“Hey, that’s my dog (or cat): Give her back now!”

It’s a simple question: Who wins when two different people claim ownership of the same pet? If only the answer were simple. Regardless of the situation and the state you live in, there are some precautions you can take to help stay out of the courtroom.

The scenario:

Imagine this scenario that could turn into a nightmare. You adopt a cat or dog from an animal shelter and fall in love with him. Then someone who claims to be the original owner enters the picture and wants the animal back. What happens? This scenario comes in many variations but often results in heartbreak, stress, and legal costs. Unfortunately, there isn’t one answer that fits each situation. The facts of the case and the applicable laws both play a part.

Determining what happens:

Although in some situations the current and former owner may be able to resolve the conflict on their own, in others the legal system will play a part. Disputes over ownership become a legal matter when one of the parties hires a lawyer. The parties may still settle the dispute without going to court or they may proceed to court by one party filing a lawsuit. The outcome is likely to depend on state or local law as well as the facts of the situation.

State or local law should tell animal shelters how long the shelter must keep a stray animal before putting the animal up for adoption or euthanizing him. The law may also enumerate the steps a shelter must take in order to find the owner. For example, it may require scanning for a microchip and may require a specific method of contacting the owner. Such laws vary from location to location.

If a private shelter has a contract with the city or county to provide animal sheltering services, that contract may also provide the same kind of parameters. Keep in mind the law considers animals to be property and so the animals do not have any inherent rights.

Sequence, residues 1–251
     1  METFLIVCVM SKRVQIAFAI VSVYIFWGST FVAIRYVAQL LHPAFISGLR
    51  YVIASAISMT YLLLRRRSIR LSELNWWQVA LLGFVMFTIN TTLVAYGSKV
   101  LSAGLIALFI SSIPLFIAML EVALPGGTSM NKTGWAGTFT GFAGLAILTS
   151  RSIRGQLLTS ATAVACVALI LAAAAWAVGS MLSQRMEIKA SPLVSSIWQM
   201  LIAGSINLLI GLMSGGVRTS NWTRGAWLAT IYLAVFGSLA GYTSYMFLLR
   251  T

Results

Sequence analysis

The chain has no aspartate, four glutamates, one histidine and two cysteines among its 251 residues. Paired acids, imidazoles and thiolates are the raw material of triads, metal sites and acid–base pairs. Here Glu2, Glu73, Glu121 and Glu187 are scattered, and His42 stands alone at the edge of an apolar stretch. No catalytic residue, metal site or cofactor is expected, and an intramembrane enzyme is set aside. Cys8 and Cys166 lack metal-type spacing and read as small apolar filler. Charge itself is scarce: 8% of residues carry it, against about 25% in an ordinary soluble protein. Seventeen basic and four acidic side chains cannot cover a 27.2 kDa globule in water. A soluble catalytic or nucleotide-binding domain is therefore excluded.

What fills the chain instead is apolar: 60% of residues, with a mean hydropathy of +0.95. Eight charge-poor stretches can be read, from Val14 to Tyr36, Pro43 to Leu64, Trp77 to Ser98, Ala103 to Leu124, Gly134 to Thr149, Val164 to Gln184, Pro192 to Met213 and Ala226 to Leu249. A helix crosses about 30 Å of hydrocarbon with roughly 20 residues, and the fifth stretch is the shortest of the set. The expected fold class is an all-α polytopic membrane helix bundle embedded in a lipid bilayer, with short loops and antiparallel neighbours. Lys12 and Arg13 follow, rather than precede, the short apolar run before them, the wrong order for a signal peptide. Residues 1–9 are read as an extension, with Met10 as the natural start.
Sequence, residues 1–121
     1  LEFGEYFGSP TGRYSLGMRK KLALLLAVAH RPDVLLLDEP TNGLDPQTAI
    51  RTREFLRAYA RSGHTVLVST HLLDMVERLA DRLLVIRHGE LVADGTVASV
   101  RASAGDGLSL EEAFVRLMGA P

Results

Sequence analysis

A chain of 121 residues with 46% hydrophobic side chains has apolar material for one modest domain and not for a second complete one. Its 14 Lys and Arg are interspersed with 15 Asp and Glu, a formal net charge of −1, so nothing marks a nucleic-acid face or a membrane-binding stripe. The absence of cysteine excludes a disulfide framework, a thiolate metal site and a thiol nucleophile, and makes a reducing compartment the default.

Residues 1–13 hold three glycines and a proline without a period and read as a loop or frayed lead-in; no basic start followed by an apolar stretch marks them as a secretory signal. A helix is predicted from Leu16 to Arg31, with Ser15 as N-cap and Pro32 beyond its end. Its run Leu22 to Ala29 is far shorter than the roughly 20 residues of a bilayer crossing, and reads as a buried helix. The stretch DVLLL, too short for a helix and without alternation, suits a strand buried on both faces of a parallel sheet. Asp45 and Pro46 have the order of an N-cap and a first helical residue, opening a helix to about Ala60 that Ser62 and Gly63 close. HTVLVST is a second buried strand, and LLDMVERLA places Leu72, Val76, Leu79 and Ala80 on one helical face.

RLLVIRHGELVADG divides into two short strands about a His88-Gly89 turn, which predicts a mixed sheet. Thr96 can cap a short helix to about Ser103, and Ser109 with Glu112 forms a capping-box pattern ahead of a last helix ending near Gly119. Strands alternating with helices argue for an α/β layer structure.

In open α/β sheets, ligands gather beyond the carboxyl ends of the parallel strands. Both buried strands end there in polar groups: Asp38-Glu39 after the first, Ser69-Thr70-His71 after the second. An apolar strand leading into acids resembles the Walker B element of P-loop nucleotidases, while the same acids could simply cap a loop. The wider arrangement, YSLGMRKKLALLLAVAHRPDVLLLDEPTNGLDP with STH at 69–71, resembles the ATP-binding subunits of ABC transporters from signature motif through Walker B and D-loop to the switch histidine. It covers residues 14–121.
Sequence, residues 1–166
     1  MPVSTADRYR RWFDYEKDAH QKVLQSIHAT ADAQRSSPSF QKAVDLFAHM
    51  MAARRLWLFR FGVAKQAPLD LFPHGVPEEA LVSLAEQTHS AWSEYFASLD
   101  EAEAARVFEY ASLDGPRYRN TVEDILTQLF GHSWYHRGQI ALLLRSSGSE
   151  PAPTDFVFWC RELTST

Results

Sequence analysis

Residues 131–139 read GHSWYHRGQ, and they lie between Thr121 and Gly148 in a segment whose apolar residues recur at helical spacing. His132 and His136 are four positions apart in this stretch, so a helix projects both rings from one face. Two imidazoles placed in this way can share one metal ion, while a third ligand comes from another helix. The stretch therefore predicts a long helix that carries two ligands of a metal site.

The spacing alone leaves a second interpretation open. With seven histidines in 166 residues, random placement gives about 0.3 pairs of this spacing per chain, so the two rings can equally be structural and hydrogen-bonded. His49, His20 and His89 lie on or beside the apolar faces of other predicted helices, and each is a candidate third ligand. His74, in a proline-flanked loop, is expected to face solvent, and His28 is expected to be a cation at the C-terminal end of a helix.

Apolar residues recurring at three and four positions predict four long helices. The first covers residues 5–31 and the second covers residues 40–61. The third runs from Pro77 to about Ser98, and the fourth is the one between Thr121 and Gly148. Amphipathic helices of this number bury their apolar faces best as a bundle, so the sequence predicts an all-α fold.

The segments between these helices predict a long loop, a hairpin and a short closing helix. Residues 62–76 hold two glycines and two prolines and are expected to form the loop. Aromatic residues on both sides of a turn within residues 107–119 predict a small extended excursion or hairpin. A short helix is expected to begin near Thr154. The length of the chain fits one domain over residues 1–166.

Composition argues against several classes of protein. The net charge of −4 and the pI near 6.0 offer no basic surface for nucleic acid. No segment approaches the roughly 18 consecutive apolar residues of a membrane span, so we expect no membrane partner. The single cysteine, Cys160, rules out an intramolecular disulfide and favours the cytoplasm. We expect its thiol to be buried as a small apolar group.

The contract between the shelter and the adopter may also play a role in outcome. For example, a contract might state that if a prior owner makes a claim within a certain number of days of the adoption, the adopter must return the animal.

Finally, a court would look at the facts of the case and the supporting evidence. It may examine the shelter’s records to see if the animal was held the requisite length of time and to determine whether the shelter followed the rules for identification and notification. The judge may consider extraordinary factors such as those that existed as a result of Hurricane Katrina, for instance, and the rescue of many animals left behind.

Protect yourself:

A few simple actions may help reduce the number of people and animals who suffer through these disputes:

  • All adoptions should be evidenced by a contract or agreement.
  • Microchips should be registered to the current owner.
  • People should keep copies of veterinary records.
  • Shelters and rescue groups should know the laws in their state and local jurisdiction and make sure to follow the laws to a tee.
  • All parties should consider advocating for improvement to the laws if needed.

Helga Schimkat is a lawyer, writer, and activist who focuses on animal and environmental issues. This article provides a brief, general overview of animal law issues. It does not constitute legal advice and should not be relied on as such.

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